Regularly backing up a computer’s files saves a lot of time and hassle in the event of an unexpected data loss. However, since it is best to distribute backups across several data carriers and different locations, it makes sense to automate these processes before constantly putting off manual backups. A NAS (Network Attached Storage) can take over part of the data backup, which works autonomously in the background and mirrors the backups on several hard drives. If you also want to outsource the backed up content, you can use a cloud or an external hard drive. However, the files usually do not copy themselves to the data carrier.
In order to automate this as well, our author Ralf Stoffels built a portable backup station. Thanks to a built-in Raspberry Pi, this can connect to a network and independently create versioned backups of previously specified NAS drives. The result of the last data backup is presented on a built-in e-ink display, even when the device is switched off and lying on the shelf. So you can see at a glance whether it’s time for a new backup. If you want to restore the data to a computer later, you only have to flip a switch that pauses the backup function and you can access the integrated hard drive.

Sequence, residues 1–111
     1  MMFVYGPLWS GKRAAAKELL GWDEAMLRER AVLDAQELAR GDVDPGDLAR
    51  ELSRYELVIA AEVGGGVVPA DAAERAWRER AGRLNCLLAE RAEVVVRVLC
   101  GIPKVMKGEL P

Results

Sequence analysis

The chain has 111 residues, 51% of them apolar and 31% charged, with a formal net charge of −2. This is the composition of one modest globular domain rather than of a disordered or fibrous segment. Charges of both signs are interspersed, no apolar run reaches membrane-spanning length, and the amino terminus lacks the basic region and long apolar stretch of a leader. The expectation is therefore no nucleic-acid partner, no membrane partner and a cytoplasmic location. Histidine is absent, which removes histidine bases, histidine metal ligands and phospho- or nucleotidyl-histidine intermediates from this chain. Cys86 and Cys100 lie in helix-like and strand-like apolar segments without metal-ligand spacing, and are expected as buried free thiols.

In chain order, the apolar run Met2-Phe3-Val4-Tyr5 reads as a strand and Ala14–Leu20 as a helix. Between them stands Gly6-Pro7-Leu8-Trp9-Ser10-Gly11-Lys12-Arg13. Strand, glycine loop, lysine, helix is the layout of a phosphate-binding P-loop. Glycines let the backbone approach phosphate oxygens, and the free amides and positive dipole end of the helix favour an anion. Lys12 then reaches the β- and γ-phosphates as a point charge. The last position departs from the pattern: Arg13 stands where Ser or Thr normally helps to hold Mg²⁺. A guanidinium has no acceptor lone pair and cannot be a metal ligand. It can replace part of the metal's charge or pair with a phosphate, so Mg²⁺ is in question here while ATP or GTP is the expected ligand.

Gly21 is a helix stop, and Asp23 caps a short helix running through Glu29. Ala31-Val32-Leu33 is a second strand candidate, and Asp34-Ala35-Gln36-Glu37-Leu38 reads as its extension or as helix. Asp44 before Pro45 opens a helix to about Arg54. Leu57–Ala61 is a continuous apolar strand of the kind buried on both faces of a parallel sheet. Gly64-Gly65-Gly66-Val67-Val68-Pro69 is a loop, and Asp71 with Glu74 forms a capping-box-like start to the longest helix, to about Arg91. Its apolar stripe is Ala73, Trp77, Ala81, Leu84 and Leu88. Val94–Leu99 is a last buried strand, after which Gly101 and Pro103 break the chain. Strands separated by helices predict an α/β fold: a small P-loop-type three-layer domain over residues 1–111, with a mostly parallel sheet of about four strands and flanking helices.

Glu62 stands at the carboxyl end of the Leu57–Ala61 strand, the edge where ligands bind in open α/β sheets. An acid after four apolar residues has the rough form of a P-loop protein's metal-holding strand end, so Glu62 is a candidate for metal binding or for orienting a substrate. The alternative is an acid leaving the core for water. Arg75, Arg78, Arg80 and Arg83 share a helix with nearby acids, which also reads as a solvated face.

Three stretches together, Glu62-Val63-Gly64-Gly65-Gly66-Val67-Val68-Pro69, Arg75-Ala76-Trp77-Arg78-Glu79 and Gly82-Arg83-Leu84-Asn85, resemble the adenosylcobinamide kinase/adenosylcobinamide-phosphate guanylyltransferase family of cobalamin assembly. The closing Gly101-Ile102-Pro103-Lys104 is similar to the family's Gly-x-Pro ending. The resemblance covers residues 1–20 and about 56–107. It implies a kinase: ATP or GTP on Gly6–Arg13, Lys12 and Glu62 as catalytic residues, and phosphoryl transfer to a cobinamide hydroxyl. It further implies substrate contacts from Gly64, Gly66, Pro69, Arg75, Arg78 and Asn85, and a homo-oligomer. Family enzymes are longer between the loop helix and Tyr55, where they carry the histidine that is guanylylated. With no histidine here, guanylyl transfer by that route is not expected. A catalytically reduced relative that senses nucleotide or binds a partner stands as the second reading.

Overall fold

Anyone who wants to rebuild the backup station will find suitable instructions in Make 4/23, which explain step by step which components are required, how they are assembled and configured. Have fun backing up your data!
There is more on the subject in issue 4/23 of Make.
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